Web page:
For many students, managing school, recreation, and work is a balancing act, and for one fine arts student this act is performed on a unicycle.
“It’s my favorite way of moving because every time I look at somebody, there’s a smile on their face,” said Garrett White.
The tall, bearded student enjoys the chatter of students watching him ride by as he pedals across campus on his unicycle. “I can be a conversation starter without ever even talking to anyone and just riding by,” he said.
“Nobody can just pick it up and ride it,” said White, who occasionally spots students attempting to ride his unicycle when he leaves it out in the library.
White was introduced to unicycling by one of his close friends, Leandro Sacco, whose parents met through playing unicycle hockey.
White has been unicycling for three years now. It took White nearly a month just to learn how to ride a unicycle. “You just keep on riding and keep on doing it and eventually it catches on from memory,” he said. “I remember it taking four weeks just not being able to make it five pedals.”
His trademark is not only shown with one wheel around campus, but with two sides in his artwork. White, who is a painter, said, “Showing an objective side and a subjective side shows a form that we normally we don’t see and when we see that, we continue that process of making things.”
White started at Hudson Valley as a Computer Information Systems major three years ago but ultimately decided it wasn’t the future he wanted. “That just kind of showed a future of my life that I did not want to get into,” he said.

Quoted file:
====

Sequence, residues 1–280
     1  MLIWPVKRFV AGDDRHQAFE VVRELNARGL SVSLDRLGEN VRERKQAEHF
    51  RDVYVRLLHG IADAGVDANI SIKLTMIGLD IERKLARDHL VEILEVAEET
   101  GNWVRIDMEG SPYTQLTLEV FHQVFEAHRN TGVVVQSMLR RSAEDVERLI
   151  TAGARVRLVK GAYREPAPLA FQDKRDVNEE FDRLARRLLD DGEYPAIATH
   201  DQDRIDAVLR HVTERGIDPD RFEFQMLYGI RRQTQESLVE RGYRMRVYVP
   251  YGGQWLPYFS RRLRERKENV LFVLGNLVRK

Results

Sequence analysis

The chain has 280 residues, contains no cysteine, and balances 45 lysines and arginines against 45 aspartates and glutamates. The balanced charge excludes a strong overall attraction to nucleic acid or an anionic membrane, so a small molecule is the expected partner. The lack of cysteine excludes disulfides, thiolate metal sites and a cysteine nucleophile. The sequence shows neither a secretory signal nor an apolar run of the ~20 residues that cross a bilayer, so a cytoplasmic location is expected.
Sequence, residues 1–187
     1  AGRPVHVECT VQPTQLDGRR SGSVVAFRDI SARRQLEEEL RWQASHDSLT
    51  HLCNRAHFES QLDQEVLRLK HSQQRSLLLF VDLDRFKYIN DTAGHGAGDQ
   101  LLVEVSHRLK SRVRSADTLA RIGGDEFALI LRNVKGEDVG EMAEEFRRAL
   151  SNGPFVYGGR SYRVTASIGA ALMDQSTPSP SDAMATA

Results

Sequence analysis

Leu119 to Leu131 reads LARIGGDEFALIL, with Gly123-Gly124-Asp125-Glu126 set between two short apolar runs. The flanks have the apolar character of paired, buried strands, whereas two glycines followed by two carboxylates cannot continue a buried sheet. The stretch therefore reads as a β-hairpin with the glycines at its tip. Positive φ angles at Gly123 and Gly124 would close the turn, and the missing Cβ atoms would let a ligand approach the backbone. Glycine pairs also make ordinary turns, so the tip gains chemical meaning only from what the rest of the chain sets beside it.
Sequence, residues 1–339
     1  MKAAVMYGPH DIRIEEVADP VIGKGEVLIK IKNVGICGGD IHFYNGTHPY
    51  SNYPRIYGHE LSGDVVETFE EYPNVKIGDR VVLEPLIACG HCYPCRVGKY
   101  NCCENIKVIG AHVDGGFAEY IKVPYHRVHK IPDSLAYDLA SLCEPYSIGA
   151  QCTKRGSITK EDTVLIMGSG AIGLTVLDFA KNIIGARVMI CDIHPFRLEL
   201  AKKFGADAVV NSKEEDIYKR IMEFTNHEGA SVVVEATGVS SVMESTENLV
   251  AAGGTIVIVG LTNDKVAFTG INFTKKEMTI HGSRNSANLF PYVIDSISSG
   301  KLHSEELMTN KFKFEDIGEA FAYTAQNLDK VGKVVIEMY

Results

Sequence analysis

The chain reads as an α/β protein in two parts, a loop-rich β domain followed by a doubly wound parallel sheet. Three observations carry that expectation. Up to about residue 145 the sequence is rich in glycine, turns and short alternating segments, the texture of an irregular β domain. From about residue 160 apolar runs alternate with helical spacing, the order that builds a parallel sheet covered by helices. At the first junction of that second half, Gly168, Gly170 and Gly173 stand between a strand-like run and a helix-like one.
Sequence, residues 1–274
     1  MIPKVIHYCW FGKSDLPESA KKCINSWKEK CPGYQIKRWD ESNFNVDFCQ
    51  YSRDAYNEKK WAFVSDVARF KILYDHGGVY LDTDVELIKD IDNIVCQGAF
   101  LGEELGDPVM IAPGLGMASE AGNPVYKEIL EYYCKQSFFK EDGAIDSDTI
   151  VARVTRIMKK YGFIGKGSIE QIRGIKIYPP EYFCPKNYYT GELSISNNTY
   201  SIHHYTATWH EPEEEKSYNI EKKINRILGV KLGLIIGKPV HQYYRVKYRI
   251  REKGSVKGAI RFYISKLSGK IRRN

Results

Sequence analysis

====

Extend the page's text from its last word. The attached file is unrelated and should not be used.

Before White discovered his passion, he said, his life was pedalling in the wrong direction. “I was just kind of getting into trouble on the outside and then I realized, if I continue doing this, it won’t lead me down the right path,” he said.
White learned about Hudson Valley’s fine arts program through his older brother and witnessed how the program affected him. “I saw how much it actually changed him and how much he enjoyed it, so I gave it a go.”
Starting off slowly in the program, White said he was not a top student but progressed over time. “I made this big change and thought, ‘Holy shit, I want to do this for the rest of my life,’” White said.
This semester, White will be wheeling away from Hudson Valley, moving on to making art from home while juggling two jobs and possibly attending an artists’ retreat for graduate students. In the meantime, White said, he seldom leaves the art room without being recognized as “the unicycle dude.”
“When I’ve rode out the past few times, just riding around campus, people have yelled at me, ‘Hey, unicycle dude!’” White said.